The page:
U.S. Election Likely Won't Shift Israel Policy

Analysis

getty images

By Reuters

Published October 31, 2012.
  • Print
  • Share Share
  • Single Page

(page 2 of 3)

“There is clear daylight between the prime minister and the White House, and most Israelis believe that Obama deliberately wanted it that way,” said Ehud Yaari, an Israel-based fellow at the Washington Institute for Near East Policy.

“But there wouldn’t be much of a difference between (Obama and Romney) on the Palestinian conflict or even with the Iranian issue. The course of future U.S. policy is pretty much set.”

UNDER THE BUS

Romney has certainly tried to play up divergences with Obama over Middle East policy, repeatedly accusing his rival of throwing Israel “under a bus” and suggesting he would adopt a tougher line with the Iran’s powerful clerics.

But in their debate on foreign policy last week, the two men appeared in broad agreement on a range of issues, competing with each other to show their support for Israel and making clear it was by far their most important partner in a troubled region.

They also adopted a similar line on Iran - promising to prevent Tehran from getting nuclear weapons without mentioning the words “red line”, or committing to using military force.

“It is … essential for us to understand what our mission is in Iran, and that is to dissuade Iran from having a nuclear weapon through peaceful and diplomatic means,” Romney said.

Iran denies seeking nuclear weapons.

Romney’s language was duly noted in Israel, even raising questions of whether a Republican administration, haunted by the Iraq-tattered legacy of former President George W. Bush, would have the stomach for a daunting new Middle East conflict.

According to that theory, if anyone is likely to send in the warplanes, it is the Democrat Obama, who has succeeded in convincing Russia and China to back tough sanctions on Iran and is viewed with less suspicion around the globe than Romney.


The Jewish Daily Forward welcomes reader comments in order to promote thoughtful discussion on issues of importance to the Jewish community. In the interest of maintaining a civil forum, The Jewish Daily Forwardrequires that all commenters be appropriately respectful toward our writers, other commenters and the subjects of the articles. Vigorous debate and reasoned critique are welcome; name-calling and personal invective are not. While we generally do not seek to edit or actively moderate comments, our spam filter prevents most links and certain key words from being posted and The Jewish Daily Forward reserves the right to remove comments for any reason.





Find us on Facebook!
  • Why "Be fruitful and multiply" isn't as simple as it seems:
  • William Schabas may be the least of Israel's problems.
  • You've heard of the #IceBucketChallenge, but Forward publisher Sam Norich has something better: a #SoupBucketChallenge (complete with matzo balls!) Jon Stewart, Sarah Silverman & David Remnick, you have 24 hours!
  • Did Hamas just take credit for kidnapping the three Israeli teens?
  • "We know what it means to be in the headlines. We know what it feels like when the world sits idly by and watches the news from the luxury of their living room couches. We know the pain of silence. We know the agony of inaction."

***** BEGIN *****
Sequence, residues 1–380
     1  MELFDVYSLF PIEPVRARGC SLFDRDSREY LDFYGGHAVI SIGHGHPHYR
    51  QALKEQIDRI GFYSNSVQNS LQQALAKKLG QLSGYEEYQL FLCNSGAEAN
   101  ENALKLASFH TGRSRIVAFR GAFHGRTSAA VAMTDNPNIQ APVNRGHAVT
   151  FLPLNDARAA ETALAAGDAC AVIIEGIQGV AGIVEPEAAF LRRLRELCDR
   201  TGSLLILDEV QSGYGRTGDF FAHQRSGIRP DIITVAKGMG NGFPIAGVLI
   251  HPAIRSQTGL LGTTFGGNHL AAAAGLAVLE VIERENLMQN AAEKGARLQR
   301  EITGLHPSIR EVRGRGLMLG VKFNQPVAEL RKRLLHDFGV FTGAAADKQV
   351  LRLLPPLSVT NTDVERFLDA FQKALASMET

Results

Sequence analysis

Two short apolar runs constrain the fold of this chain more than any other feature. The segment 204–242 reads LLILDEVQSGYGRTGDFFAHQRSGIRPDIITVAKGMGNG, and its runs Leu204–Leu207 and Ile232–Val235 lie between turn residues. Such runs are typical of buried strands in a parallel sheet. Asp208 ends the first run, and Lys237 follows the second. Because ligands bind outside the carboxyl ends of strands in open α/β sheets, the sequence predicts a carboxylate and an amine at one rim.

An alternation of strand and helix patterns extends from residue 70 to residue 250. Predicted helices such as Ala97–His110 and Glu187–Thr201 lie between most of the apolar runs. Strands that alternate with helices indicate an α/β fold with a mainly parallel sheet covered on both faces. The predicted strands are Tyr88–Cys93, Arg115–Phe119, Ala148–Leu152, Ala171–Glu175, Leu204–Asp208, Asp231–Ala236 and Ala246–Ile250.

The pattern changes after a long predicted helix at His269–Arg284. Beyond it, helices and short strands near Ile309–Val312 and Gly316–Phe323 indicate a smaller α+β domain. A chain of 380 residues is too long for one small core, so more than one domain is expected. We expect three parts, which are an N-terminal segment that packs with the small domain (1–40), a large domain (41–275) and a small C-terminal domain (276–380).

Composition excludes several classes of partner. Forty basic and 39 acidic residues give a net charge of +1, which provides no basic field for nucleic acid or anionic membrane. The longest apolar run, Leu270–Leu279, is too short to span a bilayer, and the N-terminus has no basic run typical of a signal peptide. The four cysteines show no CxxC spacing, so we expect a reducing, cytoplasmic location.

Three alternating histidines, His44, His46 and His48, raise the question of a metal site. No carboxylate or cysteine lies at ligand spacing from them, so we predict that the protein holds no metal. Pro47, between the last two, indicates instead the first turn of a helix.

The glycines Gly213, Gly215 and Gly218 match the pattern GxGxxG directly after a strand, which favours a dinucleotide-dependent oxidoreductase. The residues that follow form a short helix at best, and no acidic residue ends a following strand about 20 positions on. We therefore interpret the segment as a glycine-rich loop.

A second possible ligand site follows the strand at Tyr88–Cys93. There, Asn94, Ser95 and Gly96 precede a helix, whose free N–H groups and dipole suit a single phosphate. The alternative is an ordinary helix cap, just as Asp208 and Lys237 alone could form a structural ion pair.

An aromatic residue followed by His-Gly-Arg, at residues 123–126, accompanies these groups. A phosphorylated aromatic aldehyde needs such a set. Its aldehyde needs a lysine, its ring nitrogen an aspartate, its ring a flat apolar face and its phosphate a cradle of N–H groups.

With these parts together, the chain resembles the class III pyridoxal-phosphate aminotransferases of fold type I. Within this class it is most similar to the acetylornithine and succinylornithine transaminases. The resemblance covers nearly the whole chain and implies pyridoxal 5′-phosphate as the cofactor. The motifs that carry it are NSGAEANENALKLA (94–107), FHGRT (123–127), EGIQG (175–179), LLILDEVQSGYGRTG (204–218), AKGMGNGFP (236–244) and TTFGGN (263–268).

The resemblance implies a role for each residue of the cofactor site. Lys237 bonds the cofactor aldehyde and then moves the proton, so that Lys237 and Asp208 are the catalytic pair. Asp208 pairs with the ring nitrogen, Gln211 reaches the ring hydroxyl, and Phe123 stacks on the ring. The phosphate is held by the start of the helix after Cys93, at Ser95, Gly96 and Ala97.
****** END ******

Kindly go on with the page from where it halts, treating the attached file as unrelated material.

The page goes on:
• When YA romance becomes "Hasidsploitation":
  • "I am wrapping up the summer with a beach vacation with my non-Jewish in-laws. They’re good people and real leftists who try to live the values they preach. This was a quality I admired, until the latest war in Gaza. Now they are adamant that American Jews need to take more responsibility for the deaths in Gaza. They are educated people who understand the political complexity, but I don’t think they get the emotional complexity of being an American Jew who is capable of criticizing Israel but still feels a deep connection to it. How can I get this across to them?"
  • “'I made a new friend,' my son told his grandfather later that day. 'I don’t know her name, but she was very nice. We met on the bus.' Welcome to Israel."
  • A Jewish female sword swallower. It's as cool as it sounds (and looks)!
  • Why did David Menachem Gordon join the IDF? In his own words: "The Israel Defense Forces is an army that fights for her nation’s survival and the absence of its warriors equals destruction from numerous regional foes. America is not quite under the threat of total annihilation… Simply put, I felt I was needed more in Israel than in the United States."
  • Leonard Fein's most enduring legacy may be his rejection of dualism: the idea that Jews must choose between assertiveness and compassion, between tribalism and universalism. Steven M. Cohen remembers a great Jewish progressive:
  • BREAKING: Missing lone soldier David Menachem Gordon has been found dead in central Israel. The Ohio native was 21 years old.
  • “They think they can slap on an Amish hat and a long black robe, and they’ve created a Hasid." What do you think of Hollywood's portrayal of Hasidic Jews?
  • “I’ve been doing this since I was a teenager. I didn’t think I would have to do it when I was 90.” Hedy Epstein fled Nazi Germany in 1933 on a Kinderstransport.
  • "A few decades ago, it would have been easy to add Jews to that list of disempowered victims. I could throw in Leo Frank, the victim of mob justice; or otherwise privileged Jewish men denied entrance to elite universities. These days, however, we have to search a lot harder." Are you worried about what's going in on #Ferguson?
  • from-cache

Would you like to receive updates about new stories?




















We will not share your e-mail address or other personal information.

Already subscribed? Manage your subscription.